Rep. Brad Wenstrup (R-Columbia Tusculum) was lukewarm about the original healthcare plan that failed to make it to the House floor in March, saying it "wasn't able to complete the mission" of terminating the current federal mandates. However, he was game for the updated AHCA. 

"As the bill stands now, I support it as a significant step towards a more market-orientated system," Wenstrup said. "It's time to get the ball rolling and send this bill to Senate." 

After not backing the AHCA in its original form, Rep. Steve Chabot of Ohio's 1st District voted yea after being won over by the bill eliminating federal mandates.

Other legislatures in the Tri-State that backed the bill are Rep. Luke Messer of Indiana's 6th District, Rep. Steve Stivers of Ohio's 15th and Rep. Warren Davidson of Ohio's 8th.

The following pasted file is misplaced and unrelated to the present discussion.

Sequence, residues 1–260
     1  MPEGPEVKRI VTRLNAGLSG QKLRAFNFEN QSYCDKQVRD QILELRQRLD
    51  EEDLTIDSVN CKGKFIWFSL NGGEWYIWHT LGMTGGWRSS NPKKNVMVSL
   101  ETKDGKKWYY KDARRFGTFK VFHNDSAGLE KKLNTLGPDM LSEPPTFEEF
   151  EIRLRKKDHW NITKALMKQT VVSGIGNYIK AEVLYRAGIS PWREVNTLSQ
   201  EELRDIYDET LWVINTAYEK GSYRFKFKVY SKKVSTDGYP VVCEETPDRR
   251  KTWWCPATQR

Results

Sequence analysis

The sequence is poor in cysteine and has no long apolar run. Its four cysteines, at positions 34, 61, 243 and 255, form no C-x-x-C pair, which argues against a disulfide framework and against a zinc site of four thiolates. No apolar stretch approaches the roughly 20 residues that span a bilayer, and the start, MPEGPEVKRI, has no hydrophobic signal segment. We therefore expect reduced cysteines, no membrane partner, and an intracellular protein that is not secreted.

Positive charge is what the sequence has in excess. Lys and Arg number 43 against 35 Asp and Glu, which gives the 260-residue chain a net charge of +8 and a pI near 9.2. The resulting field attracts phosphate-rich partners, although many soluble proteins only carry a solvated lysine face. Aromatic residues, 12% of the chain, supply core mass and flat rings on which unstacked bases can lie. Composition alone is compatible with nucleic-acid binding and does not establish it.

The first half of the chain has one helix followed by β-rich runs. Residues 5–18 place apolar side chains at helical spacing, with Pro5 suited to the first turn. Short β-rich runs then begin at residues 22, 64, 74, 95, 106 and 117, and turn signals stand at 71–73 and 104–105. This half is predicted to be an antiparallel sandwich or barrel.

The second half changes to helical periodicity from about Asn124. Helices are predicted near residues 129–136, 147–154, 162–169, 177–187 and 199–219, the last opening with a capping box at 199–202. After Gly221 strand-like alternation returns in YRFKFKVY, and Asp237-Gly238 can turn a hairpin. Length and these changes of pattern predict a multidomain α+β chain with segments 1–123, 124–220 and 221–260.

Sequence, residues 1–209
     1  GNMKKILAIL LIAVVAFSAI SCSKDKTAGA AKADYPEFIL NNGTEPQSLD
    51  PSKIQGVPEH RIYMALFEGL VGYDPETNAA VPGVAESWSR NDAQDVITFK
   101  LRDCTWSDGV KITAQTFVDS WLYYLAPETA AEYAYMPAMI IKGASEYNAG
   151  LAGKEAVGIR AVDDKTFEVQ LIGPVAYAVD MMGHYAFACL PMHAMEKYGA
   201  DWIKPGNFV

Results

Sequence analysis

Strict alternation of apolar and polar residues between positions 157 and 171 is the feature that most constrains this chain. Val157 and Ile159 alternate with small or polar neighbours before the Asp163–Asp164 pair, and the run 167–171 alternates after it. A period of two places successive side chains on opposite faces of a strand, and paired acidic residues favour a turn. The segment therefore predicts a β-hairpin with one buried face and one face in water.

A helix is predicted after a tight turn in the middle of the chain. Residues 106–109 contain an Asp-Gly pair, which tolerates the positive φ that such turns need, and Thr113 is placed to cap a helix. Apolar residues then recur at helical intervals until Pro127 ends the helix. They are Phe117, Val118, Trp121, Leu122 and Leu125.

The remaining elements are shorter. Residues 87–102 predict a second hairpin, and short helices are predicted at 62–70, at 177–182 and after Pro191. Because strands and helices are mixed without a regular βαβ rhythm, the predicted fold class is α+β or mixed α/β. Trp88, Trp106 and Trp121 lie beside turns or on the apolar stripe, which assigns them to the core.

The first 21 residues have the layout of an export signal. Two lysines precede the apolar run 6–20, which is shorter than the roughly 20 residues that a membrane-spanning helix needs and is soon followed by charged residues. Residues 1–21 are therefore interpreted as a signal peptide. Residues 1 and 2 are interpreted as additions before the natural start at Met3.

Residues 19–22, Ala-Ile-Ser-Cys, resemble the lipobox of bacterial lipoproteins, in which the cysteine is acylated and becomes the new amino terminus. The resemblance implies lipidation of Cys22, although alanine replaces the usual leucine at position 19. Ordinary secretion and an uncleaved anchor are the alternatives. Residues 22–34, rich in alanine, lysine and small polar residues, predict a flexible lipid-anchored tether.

Davidson is quick to say the bill "falls short" on the Republican Party's promises. However, he says the AHCA is the first step for conservatives to rein in control of healthcare policy. 

"Far more needs to be done, and we must not rest until we have accomplished the mission," Davidson said. 

Senate rules could kill the bill

On the Senate side, fears of pulling healthcare away from voters so close to the midterms are raising serious doubts the conservative bill can reach the president's desk without major overhauls. 

It isn’t just constituent concerns and squeamish Republicans that could halt the bill, the Senate’s reconciliation process must follow a strict set of rules that could sink the House GOP's plan for being a budget measure instead of legislation.